Data Collection (+ 9-Page PDF)
The data collection methods that you use lay the foundation for the eventual success of your continuous improvement projects.
Simply put, data are the facts of the case. Raw data is then complied and processed into useful information that helps gain more insight into whatever you are trying to learn about. (Note: Data is plural. Datum is the singular form.)
Data collection is the process of getting the data from the real world to some form where you can manipulate it to get information. This information is then used to make decisions, the ultimate goal of data collection.
There are many choices you’ll have to make when collecting data. Will you be sampling or doing 100% data collection? Will the data be self-reported, or will it be collected by an external observer? Will you be eyeballing the measurements or will it require precise measuring devices?
The choices you make about your data collection plan will be influenced by how you intend to use the data. All data should be collected with a purpose in mind. The planned use of your data will shed light on what you need to gather.
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Data is extremely important to continuous improvement. It takes the emotion out of decisions, and peels back the cloud of misperception. The results of a data collection effort can stun a person when it doesn’t match what the person believes to be true. It is surprising how little people really understand about their environment.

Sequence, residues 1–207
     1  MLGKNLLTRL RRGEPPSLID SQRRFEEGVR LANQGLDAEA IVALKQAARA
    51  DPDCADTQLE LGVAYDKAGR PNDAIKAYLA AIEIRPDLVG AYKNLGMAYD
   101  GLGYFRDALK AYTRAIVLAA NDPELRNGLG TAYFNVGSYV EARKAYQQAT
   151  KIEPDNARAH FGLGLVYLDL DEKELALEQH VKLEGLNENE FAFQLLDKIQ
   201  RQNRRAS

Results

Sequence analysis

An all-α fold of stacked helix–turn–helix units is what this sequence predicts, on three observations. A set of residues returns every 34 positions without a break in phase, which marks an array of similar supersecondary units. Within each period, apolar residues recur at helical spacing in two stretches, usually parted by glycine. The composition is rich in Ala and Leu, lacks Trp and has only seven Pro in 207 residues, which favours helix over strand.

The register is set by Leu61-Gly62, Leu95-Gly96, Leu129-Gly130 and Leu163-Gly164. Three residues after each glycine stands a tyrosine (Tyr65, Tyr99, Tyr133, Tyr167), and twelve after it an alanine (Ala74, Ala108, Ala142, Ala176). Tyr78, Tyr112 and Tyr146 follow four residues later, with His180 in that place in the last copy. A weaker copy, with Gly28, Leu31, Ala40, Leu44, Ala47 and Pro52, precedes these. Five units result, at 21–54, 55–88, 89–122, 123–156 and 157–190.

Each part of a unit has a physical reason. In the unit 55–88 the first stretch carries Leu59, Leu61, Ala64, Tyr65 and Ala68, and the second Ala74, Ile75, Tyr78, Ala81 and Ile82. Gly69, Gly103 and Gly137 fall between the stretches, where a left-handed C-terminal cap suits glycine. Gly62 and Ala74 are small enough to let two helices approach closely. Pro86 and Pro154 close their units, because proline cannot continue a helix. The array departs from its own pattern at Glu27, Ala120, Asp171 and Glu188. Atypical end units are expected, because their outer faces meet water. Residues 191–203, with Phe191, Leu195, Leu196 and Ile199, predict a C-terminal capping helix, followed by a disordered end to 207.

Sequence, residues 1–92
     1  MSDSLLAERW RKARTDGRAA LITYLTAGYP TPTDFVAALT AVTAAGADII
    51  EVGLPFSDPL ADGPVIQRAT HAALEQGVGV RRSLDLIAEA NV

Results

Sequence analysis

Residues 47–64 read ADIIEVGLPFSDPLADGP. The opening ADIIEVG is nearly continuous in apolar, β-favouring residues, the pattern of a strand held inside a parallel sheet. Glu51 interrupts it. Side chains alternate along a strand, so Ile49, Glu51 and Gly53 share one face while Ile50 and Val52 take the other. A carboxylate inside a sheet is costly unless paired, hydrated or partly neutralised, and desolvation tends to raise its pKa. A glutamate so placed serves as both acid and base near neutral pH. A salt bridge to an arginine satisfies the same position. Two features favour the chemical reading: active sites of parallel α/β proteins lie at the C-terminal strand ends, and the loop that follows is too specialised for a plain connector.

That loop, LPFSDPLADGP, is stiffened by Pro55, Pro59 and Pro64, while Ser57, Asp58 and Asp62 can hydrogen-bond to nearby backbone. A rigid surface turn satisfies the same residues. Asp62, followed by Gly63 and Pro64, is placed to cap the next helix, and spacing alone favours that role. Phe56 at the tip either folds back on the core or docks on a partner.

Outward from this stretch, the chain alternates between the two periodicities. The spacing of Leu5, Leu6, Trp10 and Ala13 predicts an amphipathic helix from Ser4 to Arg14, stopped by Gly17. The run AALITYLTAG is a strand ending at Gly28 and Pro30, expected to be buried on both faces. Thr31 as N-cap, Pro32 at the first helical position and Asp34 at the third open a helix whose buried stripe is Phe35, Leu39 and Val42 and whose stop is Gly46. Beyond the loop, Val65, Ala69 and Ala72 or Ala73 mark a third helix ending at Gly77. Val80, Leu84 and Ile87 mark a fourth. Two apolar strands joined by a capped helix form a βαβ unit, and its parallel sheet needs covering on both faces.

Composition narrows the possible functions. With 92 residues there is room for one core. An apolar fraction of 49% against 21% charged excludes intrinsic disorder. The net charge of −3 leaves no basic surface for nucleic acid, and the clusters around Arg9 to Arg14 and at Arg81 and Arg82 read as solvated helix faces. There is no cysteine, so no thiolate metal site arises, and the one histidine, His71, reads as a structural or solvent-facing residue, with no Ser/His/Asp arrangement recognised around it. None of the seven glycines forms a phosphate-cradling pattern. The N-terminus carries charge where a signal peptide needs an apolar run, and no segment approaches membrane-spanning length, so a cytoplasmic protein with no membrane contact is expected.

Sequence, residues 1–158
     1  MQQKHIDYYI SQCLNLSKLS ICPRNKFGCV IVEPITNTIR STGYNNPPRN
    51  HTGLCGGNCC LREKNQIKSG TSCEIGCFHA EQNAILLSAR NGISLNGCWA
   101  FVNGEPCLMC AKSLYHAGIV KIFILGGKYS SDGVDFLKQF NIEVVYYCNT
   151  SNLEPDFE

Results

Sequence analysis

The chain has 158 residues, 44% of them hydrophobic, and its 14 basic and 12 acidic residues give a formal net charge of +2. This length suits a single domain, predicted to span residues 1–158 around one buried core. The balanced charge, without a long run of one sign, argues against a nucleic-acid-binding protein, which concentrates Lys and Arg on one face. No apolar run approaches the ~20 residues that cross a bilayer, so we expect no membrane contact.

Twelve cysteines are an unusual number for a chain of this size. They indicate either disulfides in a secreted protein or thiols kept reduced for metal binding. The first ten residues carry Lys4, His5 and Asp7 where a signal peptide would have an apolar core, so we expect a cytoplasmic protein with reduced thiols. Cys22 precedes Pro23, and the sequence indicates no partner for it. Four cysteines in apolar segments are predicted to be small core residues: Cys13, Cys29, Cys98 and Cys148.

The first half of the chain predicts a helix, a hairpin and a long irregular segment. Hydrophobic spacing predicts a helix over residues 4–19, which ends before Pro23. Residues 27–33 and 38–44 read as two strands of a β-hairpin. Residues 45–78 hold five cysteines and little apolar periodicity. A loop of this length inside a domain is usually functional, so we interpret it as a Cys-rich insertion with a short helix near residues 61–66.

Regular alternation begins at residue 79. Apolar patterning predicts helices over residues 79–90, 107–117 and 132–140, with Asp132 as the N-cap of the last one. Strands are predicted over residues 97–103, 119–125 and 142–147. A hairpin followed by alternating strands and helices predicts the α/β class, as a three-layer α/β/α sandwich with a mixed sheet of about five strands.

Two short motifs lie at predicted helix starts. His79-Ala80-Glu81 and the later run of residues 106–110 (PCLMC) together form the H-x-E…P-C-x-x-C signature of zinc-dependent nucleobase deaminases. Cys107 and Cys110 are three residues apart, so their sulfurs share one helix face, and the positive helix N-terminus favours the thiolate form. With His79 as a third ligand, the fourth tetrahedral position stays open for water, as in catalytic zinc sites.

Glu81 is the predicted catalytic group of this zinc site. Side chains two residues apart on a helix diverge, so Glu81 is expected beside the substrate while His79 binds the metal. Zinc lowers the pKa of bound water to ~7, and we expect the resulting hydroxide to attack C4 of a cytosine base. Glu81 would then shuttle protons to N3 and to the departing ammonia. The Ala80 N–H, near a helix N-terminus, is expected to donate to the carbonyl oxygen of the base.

I suspect that there are a few reasons for this. First, people tend to think they know more than they really do. Because they are confident in what they believe to be true, they see no point in spending the time and effort to collect data.
As a result, people routinely skip data collection because it takes time, and is hard to do properly. While the actual methods of data collection may be simple (i.e. check sheets), the planning, compilation, and use of this data takes time. And if they do collect it, despite the time it takes, data frequently sits unused.
Make sure to take the time to create a data collection plan. It will minimize the impact on production as well as increase the likelihood that the data will be used.
Data falls into several main categories. The first is whether it is qualitative or quantitative in nature.
In truth, the distinction is actually one more of choice than of the actual nature of the condition you want to evaluate. Most conditions can be measured quantitatively. Color, for example, has a wavelength that is numerical. Emotion has blood pressure changes, skin temperature, perspiration rate, voice pitch, etc. Even gender can be quantified as the number of ‘X’ chromosomes a person possesses.
The challenge is that all of these things are difficult, often prohibitively so, to get numbers for. When that is the case, qualitative data is a reasonable compromise between costly, intrusive data collection and no data at all.